HAPPYFISH FASHION by Sami Chen will show in her 4th season at New York Fashion Week, following her successful two season premiere with Rolls Royce and Monster. Sami’s gowns and dresses have wowed audiences to live music and even dressed two celebrity show dogs and one talented rabbit on a sk ateboard who made their way down the runway. The dresses drew the full attention of the audience as the press could not get enough of her creations staying after the show to catch more. The show came from the creative inspiration of lead designer Sami Chen. Sami who learned her trade at Shih Chien School of Fashion in Taiwan and has been designing womenswear since childhood. In addition to being an internationally recogniz ed fashion designer, Sami is also an accomplished concert pianist and has won many competitions since the age of 5. “Happy Fish by Sami” was inspired by and symbolizes the joy and freedom associated with her designs along with her state of mind. As a bright star of the ne w fashion world, Sami’s smile and uplifting demeanor is not only evident in her creations, but also her personality. See www.HappyFishSami.com.
The Cristian Rivera Foundation will have a reason to celebrate when it holds its 10th annual fundraising gala to fight a rare childhood cancer on Wednesday, Nov. 14.
The foundation has been on a mission over the past decade to find a cure for diffuse intrinsic pontine glioma, or DIPG, a rare form of deadly brain cancer mainly affecting small children. Each year, roughly 200 children are diagnosed with DIPG, and nearly all usually succumb to the aggressive cancer within 18 months.
But the celebrity-studded gala, at Manhattan venue Capitale, will commemorate a rare success story: 13-year-old Lisha Ayalais, who was diagnosed with DIPG six years ago, has defied the odds and continues to show no growth in her tumor.
”Lisha is doing phenomenal. We are going on 6 years and she is still DIPG-free,” said CRF founder John (Gungie) Rivera. “This is evidence that the work that we are doing — the trials that our doctors are working on — are effective.”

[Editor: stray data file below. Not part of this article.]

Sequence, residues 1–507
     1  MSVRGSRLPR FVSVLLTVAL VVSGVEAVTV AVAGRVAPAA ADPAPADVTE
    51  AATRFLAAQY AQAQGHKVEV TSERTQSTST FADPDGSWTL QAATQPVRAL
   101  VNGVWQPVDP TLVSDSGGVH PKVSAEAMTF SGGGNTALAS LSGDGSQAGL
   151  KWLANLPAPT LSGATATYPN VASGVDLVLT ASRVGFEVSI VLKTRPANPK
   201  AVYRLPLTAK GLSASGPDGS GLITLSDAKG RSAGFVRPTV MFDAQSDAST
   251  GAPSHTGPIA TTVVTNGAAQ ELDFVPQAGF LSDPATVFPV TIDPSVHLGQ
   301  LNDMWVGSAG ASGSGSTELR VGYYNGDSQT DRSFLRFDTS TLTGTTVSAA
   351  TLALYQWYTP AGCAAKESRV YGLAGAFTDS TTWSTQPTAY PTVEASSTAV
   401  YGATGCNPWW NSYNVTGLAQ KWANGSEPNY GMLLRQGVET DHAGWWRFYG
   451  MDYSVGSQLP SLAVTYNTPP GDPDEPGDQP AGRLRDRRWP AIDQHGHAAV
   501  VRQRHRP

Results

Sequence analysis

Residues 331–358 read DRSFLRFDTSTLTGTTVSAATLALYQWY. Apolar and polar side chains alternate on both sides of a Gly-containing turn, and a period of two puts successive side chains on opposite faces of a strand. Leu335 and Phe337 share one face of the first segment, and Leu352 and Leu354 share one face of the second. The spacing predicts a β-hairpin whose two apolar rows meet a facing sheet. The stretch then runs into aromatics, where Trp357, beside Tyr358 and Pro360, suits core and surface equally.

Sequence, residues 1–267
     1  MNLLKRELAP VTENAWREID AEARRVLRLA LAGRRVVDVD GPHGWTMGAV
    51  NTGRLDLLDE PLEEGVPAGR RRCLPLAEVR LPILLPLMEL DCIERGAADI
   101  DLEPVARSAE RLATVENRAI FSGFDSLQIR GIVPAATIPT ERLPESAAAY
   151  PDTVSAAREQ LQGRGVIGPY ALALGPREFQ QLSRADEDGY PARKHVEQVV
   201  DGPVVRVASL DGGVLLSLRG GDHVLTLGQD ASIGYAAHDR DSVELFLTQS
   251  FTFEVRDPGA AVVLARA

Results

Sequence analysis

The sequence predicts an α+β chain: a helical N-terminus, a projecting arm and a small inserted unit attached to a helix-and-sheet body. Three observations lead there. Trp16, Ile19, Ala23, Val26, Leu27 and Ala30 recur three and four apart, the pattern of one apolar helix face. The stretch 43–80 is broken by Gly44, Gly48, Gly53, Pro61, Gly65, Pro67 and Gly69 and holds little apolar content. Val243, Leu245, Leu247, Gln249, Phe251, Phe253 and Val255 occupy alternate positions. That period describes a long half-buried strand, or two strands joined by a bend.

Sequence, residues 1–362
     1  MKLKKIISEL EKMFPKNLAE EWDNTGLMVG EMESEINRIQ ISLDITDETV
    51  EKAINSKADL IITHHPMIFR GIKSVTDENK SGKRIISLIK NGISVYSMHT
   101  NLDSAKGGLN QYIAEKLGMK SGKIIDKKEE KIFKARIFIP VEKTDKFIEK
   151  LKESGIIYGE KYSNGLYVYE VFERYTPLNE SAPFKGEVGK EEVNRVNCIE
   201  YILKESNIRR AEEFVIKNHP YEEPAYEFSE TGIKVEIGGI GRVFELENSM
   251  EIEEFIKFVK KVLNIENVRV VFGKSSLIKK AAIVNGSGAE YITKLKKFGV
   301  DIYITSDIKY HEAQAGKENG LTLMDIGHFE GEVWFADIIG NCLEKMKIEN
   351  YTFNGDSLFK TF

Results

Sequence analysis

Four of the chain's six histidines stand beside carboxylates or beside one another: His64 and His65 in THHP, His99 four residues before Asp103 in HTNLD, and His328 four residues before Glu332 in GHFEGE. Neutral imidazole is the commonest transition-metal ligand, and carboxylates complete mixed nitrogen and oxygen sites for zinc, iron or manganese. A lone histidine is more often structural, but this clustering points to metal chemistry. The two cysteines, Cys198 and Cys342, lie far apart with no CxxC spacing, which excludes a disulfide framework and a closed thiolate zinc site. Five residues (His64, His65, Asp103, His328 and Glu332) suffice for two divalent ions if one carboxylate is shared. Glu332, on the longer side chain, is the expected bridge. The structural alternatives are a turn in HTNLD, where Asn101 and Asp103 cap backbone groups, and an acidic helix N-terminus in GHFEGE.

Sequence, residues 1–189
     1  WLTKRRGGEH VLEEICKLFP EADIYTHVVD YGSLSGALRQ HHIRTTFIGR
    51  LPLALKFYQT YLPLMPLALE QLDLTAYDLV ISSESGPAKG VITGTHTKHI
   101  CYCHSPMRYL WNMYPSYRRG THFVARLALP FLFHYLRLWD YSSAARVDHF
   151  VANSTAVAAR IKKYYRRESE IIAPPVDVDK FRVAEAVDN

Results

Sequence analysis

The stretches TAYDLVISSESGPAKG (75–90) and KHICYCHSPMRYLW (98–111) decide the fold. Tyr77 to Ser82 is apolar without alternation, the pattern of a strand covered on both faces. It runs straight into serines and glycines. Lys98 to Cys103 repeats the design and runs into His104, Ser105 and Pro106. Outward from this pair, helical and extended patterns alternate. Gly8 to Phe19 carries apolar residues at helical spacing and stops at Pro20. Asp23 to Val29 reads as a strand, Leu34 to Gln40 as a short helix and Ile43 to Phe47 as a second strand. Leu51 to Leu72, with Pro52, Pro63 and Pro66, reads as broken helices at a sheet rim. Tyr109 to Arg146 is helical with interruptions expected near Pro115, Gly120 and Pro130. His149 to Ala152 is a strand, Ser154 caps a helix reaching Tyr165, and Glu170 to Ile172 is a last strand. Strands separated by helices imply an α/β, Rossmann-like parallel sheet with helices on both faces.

Rivera, a local music producer and promoter, started the foundation in honor of his son Cristian, who passed away from the disease at only 4 years old and is the driving force behind the event.
Though Cristian did not win his battle with DIPG, Rivera continues it on his son’s behalf, raising funds annually to help underwrite clinical trials aimed at treating and hopefully one day curing the condition.
Lisha is currently in one of those trials at Weill-Cornell Brain and Spine Center in Manhattan, working with Dr. Mark Souweidane, a pediatric neurosurgeon specializing in DIPG.
This year’s event, hosted by foundation co-chair Darlene Rodriguez of NBC News, will feature such celebrity guests as Kenan Thompson of “Saturday Night Live.”
Honorees include actor Ramon Rodriguez, who will receive a humanitarian award for his recent work in Puerto Rico with the 100Roofs Project that aims to help those on the island still struggling after last year’s devastating storms by providing carpenters and training locals to become professional roofers.
“It was inspiring to see his commitment to Puerto Rico,” Rivera said. “It reminds me that I am not alone in my efforts to make a difference, even when facing major challenges.”
For more info on the Cristian Rivera Foundation, buy tickets to the gala or donate to the fight against DIPG, go to cristianriverafoundation.org.
One of New York City’s best-known music promoters of the ‘90s is having a throwback dance party — that doubles as a fundraiser for a cause near and dear to his heart.
Revelers who hop aboard the Circle Line on Saturday, July 15, at 7 p.m. for the second annual Cristian Rivera Foundation Freestyle Flashback Benefit Boatride will be treated to several hours of freestyle dance music courtesy of a live performance by singer Noel, along with DJ Tedsmooth, Big Paul and Rob Lo, with Alizay and Speedy of the Luis Jimenez Show serving as hosts.